Whole-genome sequencing revealed independent emergence of vancomycin-resistant Enterococcus faecium causing sequential outbreaks over 3 years in a tertiary care hospital.


Service of hospital preventive medicine, Lausanne University Hospital, Rue du Bugnon 46, 1011, Lausanne, Switzerland. [Email]


Vancomycin-resistant Enterococcus faecium (VREfm) emerged as an important cause of nosocomial infections worldwide. Previous studies based on molecular typing revealed that VREfm outbreaks are mainly associated with a particular genetic lineage, namely clonal complex 17 (CC17), which harbours either vanA or vanB gene cluster. The University Hospital of Lausanne faced several VREfm episodes of transmissions between 2014 and 2017. In this study, we used whole-genome sequencing (WGS) to investigate the relatedness of 183 VREfm isolates collected from 156 patients. Sequence types (ST) 17, ST80 and ST117 were the most predominant clones. Based on epidemiological data, 10 outbreaks were identified, which were caused by at least 13 distinct genotypes. The majority of isolates involved in outbreaks (91%) differed by only 0 to 3 SNPs. Four outbreaks involved more than one genotype and half of the cases considered as sporadic were possibly linked to an outbreak. By sequencing all isolates, we were able to better understand our local epidemiology of VREfm. The polyclonal structure observed between the different outbreaks strains, the high level of recombination detected in isolates, the time elapsed between admission and the first VREfm detection and the negative screening at admission support the hypothesis of the emergence of new VREfm clones within the hospitalised population.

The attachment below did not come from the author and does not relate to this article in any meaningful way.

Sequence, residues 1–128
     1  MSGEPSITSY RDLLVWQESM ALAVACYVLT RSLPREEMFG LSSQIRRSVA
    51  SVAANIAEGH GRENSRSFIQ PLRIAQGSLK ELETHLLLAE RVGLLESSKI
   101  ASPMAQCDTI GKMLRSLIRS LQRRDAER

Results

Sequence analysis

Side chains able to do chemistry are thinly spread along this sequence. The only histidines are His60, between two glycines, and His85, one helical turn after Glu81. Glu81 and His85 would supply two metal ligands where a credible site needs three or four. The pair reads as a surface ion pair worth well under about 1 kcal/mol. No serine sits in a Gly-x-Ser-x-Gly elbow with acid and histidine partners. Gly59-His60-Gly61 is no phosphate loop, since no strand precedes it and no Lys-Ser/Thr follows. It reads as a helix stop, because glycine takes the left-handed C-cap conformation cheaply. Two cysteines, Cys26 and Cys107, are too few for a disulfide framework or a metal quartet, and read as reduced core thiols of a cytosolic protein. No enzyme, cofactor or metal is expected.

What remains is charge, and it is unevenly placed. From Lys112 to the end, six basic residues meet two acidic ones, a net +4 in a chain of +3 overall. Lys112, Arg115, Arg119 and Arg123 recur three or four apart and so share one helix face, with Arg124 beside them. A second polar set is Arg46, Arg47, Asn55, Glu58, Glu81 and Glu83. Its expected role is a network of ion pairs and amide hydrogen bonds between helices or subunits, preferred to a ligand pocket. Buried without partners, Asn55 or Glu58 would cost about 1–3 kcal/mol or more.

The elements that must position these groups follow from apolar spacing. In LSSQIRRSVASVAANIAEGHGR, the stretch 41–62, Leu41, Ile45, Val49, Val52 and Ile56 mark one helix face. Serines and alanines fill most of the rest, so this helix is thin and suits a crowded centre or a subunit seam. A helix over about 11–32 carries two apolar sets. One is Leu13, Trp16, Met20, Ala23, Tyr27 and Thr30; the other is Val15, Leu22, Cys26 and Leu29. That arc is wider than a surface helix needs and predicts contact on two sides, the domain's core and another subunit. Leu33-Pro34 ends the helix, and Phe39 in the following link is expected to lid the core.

Enterococcus faecium,Genome sequencing,Infection control,Outbreak,Transmission,Vancomycin resistance,

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